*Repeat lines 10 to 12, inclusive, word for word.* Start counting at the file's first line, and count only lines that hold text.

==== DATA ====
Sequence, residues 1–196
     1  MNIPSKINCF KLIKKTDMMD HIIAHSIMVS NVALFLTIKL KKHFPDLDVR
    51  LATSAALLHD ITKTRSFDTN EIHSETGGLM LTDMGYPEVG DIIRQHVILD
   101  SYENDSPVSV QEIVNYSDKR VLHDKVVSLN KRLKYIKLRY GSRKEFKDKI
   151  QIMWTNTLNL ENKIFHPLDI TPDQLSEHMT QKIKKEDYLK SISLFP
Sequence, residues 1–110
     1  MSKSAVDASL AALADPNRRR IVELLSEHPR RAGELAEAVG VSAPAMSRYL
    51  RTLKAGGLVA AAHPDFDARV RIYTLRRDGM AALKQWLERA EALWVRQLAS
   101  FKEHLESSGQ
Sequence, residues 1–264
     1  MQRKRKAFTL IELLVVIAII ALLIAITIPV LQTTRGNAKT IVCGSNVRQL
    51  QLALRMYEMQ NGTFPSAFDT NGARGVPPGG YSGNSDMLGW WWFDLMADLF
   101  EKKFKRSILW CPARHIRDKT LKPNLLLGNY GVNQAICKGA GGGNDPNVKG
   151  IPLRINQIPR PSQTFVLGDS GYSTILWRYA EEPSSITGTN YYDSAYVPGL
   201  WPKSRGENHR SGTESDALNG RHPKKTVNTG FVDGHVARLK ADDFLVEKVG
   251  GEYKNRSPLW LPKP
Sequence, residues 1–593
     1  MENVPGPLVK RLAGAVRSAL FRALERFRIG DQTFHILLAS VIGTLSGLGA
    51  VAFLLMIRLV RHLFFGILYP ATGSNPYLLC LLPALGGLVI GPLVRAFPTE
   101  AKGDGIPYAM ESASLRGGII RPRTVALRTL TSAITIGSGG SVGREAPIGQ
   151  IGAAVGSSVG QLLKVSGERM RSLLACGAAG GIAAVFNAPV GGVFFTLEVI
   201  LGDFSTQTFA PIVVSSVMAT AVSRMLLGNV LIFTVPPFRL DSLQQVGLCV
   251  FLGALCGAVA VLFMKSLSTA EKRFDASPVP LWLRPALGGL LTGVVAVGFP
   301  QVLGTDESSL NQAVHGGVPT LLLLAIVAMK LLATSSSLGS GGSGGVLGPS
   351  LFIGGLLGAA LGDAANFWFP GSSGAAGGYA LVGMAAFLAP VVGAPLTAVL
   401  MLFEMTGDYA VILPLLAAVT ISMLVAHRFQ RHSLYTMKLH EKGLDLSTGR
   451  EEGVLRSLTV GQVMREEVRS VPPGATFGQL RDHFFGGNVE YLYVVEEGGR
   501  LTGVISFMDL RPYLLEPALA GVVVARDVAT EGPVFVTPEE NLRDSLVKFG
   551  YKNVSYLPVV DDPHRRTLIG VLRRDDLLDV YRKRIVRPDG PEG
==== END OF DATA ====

Sequence, residues 1–264
     1  MQRKRKAFTL IELLVVIAII ALLIAITIPV LQTTRGNAKT IVCGSNVRQL
    51  QLALRMYEMQ NGTFPSAFDT NGARGVPPGG YSGNSDMLGW WWFDLMADLF